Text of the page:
University of Pretoria etd – Dreyer, P F (2004)
Chapter 3
PROBLEMS AND CHALLENGES WITH THE PREVAILING
POSITIVISTIC DEVELOPMENTAL MODEL
3.1 INTRODUCTION
Poverty, and specifically rural poverty, prevails in Africa despite the millions of U.S.
dollars spent annually in an attempt to improve the situation. In spite of the huge
investments (which are shrinking) there have been few successes. The problems,
both perceived and real, are numerous and often complex and deep. An analysis
and discussion of some of the most crucial obstacles hampering success in terms
of the prevailing positivistic model on which development efforts are still
predominantly based forms the content of this section.
3.2 THE CHALLENGE OF CULTURE AND TRADITION IN DEVELOPMENT
According to Max-Neef’s, (1991:16) criteria, two of the main structures required for
Protection and Belonging are the family and the community. Has the traditional
positivistic modernisation approach to development allowed optimal development
of the role which the family and community must fulfil? Has it effectively dealt with
the challenges posed by rural understanding of culture and traditions?
Personal recognition and the need for participation in the decisions influencing a
person’s life are essential and pivotal human requirements. For many, many years
development efforts failed because of a First World understanding that progress
required a cultural “re-vamp” instead of building on existing traditions and cultures.
Personal recognition should have included cultural recognition and would have
resulted in rich, developed cultural diversity rather than a fabricated, Western
veneer which was little more than mere suppression.
A Top-down Approach. With the Western world giving the lead in developmental
work all development efforts were obviously guided by western thinking, resulting
in the so called “blue-print”, “one size fits all” and “top-down” approaches. “The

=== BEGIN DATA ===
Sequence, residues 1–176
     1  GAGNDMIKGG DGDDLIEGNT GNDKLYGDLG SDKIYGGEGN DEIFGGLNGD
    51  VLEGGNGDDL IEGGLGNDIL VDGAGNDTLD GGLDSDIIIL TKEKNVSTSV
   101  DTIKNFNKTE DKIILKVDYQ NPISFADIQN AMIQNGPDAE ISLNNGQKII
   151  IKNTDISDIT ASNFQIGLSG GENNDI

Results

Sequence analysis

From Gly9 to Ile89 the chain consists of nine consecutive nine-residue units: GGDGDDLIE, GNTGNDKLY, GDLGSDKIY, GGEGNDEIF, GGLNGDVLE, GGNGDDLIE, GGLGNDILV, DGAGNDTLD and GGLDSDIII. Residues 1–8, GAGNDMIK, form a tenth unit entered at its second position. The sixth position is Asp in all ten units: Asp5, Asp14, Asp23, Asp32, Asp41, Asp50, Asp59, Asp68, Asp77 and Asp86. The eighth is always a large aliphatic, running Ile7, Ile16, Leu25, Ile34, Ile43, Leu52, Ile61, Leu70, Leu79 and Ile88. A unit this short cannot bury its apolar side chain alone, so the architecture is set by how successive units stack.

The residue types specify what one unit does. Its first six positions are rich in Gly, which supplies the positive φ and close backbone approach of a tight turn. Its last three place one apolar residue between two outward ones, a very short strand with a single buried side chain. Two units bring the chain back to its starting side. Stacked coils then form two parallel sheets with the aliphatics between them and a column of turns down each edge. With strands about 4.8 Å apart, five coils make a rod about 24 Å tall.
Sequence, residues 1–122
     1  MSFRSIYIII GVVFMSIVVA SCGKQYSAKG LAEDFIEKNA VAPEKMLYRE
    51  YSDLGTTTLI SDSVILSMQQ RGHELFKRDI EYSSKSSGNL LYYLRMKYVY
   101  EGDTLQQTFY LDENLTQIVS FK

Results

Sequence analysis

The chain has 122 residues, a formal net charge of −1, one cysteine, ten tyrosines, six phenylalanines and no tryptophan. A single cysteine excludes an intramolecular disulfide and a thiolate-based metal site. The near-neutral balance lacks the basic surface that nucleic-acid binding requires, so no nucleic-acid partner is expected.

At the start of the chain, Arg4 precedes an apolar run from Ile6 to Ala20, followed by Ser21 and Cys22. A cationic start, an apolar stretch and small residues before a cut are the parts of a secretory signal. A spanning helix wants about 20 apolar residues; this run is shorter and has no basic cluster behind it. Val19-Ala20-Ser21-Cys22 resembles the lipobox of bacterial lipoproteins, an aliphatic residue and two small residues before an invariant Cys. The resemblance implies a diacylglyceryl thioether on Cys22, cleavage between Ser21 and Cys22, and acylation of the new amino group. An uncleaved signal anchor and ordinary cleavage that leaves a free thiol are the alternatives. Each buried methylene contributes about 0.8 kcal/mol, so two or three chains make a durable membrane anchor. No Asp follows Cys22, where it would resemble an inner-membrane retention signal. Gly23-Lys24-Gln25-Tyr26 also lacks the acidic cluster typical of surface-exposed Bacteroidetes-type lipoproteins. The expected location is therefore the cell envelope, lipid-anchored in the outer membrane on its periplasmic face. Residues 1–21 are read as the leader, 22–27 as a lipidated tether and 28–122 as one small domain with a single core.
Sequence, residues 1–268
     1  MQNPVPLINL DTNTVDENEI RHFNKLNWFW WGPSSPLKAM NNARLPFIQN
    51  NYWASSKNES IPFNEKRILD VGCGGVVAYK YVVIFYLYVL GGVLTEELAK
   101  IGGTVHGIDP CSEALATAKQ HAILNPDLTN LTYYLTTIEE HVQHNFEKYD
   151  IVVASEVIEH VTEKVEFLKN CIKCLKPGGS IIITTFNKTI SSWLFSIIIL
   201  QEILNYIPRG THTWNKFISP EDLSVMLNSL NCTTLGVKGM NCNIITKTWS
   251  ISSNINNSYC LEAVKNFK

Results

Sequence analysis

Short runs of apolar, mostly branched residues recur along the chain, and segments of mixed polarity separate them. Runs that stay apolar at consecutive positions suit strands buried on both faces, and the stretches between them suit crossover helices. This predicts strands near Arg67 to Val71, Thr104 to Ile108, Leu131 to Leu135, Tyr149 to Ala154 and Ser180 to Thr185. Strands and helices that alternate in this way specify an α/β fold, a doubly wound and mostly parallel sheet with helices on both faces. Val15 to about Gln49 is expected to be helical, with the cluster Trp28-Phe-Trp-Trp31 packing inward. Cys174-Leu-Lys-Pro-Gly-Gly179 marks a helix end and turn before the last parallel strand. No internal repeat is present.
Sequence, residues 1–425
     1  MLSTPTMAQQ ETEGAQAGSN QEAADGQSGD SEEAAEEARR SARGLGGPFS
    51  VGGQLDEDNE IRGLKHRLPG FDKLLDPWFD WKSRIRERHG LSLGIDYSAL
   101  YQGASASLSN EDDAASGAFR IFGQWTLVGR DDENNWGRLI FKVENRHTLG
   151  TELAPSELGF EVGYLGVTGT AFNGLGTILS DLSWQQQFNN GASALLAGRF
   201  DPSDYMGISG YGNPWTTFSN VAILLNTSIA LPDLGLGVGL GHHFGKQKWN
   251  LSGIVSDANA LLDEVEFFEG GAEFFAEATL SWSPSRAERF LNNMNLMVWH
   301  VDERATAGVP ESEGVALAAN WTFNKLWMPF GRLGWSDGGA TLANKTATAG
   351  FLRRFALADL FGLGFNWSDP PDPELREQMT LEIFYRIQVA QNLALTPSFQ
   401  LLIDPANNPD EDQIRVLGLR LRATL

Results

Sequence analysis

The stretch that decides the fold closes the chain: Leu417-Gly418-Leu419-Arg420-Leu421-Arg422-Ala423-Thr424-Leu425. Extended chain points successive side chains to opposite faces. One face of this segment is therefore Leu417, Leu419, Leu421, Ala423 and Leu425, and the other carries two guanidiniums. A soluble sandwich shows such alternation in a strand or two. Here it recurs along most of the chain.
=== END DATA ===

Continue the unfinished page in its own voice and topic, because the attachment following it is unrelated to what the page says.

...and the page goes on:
14
University of Pretoria etd – Dreyer, P F (2004)
blueprint mode of operation assumes that we can know enough in advance to
design a course of action in detail, one that needs only to be implemented as
planned once the project is launched.
This approach assumes also that
circumstances will not change significantly, which is a widely misplaced
assumption especially in developing countries. The top-down approach is also
inappropriate and especially for rural development, where gaining understanding
and voluntary co-operation as well as continuous innovation that adapts efforts to
local conditions and that addresses emerging or evolving problems is vital. There
needs to be extensive and meaningful participation of rural people, from all walks
of life, women and men, young and old, and indeed, of all stakeholders in the
process of rural development.
This word [participation] has become almost a
cliché, in development circles these days. But that does not reduce its relevance
or significance for making progress in rural areas.” (Uphoff,N 2001: 28)
The prevailing developmental model has not succeeded in contributing significantly
in the rebuilding of the social fibre of families and communities.
This section